By Rie Hayashi / Yomiuri Shimbun Staff Writer The Toshimaen amusement park’s address is 3-25-1 Koyama, Nerima Ward, Tokyo. Its name includes “Toshima,” so why isn’t it located in Toshima Ward instead of Nerima Ward?
“That’s because the name comes from the Toshima clan, which ruled the area surrounding the park for a long time,” said Yasuyo Miyauchi, 33, Toshimaen’s official in charge of public relations.
The Toshima clan ruled the northwestern part of the area now covered by Tokyo’s 23 wards, such as Nerima and Kita wards, from the end of the Heian period (794 to the late 12th century) to the Muromachi period (early 14th century to late 16th century).
Toshimaen dates back to 1926. Businessman Kozaburo Fujita, who owned the former site of Nerima Castle established by the Toshima clan, opened it to the public as an amusement park to encourage exercise and gardening.
Its original name was Nerima Joshi Toshimaen (former Nerima Castle site Toshimaen).
The Nerima Shakujiikoen Furusato Museum’ prospectus for establishing the amusement park reads, “In the past, this site was home to a castle where [warlord] Toshima Sakon Taifu Kagemura resided, and so the amusement park was named after the connection.”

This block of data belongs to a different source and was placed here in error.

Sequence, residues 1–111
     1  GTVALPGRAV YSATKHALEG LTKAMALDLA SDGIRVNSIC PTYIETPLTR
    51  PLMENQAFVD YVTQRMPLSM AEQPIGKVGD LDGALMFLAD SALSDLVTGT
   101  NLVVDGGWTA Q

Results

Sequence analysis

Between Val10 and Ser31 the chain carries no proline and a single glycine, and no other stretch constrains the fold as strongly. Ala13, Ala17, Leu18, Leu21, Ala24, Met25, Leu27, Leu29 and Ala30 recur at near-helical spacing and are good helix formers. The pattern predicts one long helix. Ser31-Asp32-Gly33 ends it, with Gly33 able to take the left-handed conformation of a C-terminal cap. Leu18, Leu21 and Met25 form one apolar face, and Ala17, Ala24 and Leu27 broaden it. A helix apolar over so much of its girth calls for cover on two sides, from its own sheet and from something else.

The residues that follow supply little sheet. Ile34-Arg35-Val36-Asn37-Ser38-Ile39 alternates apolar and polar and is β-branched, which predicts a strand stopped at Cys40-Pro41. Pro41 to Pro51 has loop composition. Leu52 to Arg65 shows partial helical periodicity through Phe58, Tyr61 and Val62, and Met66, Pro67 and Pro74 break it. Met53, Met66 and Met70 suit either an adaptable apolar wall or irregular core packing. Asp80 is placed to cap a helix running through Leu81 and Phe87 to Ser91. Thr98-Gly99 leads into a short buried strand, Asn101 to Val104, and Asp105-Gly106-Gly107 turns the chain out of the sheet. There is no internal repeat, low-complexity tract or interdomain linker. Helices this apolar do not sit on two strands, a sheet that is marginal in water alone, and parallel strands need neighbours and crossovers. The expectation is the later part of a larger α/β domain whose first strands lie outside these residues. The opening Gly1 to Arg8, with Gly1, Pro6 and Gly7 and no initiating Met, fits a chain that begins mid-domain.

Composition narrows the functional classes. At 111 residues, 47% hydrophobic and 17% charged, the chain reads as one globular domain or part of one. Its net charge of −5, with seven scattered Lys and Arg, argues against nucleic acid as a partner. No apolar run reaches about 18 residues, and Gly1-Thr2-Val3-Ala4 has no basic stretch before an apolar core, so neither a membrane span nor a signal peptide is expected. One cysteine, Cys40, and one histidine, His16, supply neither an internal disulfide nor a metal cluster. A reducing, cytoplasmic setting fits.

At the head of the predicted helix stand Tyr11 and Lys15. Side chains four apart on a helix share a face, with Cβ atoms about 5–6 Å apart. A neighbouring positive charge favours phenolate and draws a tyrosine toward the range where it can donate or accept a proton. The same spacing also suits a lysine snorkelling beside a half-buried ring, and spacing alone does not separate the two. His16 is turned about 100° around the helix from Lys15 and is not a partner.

At that time, the park was located in Kaminerima village, Kitatoshima county. The county was merged into Tokyo city in 1932, becoming part of Itabashi Ward.
In 1947, Nerima Ward was split off from Itabashi Ward, and Toshimaen took up its current address.
Don’t run after money
Why did Kozaburo Fujita give the amusement park the name of the Toshima clan? Since he owned the site, he could have named it “Fujita-en.”
Local history researcher Akihiko Katsuragi, 54, provided an answer. The prospectus stipulates the slogan of the amusement park — “Do not run after profit, engage in vulgarity or damage scenic beauty.”
“As the slogan says, Fujita did not seem to pursue profit or try to increase his fame,” Katsuragi said.
“Although it was an amusement park, the fact that it was a park at the former site of Nerima Castle was important,” Katsuragi added. A look at historical materials issued around the time of the opening of the amusement park reveals that the earthwork indicating the existence of a castle was retained.
The amusement park also has athletic tracks, a pool, greenhouses and flowerbeds, making it look like a large park rather than an amusement park.
“The high profile of the Toshima clan could be another reason why Fujita gave it that name,” Katsuragi said.
A serial novel in a newspaper about a beautiful princess who drowned herself in sorrow over the downfall of the Toshima clan was very popular at that time, creating a Toshima clan boom from the late Meiji era (1868-1912), according to Katsuragi.
“This was the site of Nerima Castle, where the Toshima clan lived,” Katsuragi said while looking at the Hydropolis, a water slide that is very popular in summer. The water slide is located on high ground, and there are stairs to the entrance. High ground is good for building castles, as enemies can be repelled from that position.
However, the Toshima clan was attacked in 1477 in the Muromachi period by Ota Dokan, a military commander who established Edo Castle, and fell in the following year. The Toshima clan ceased to exist 540 years ago, but its name has remained in the amusement park and is familiar to many people. Speech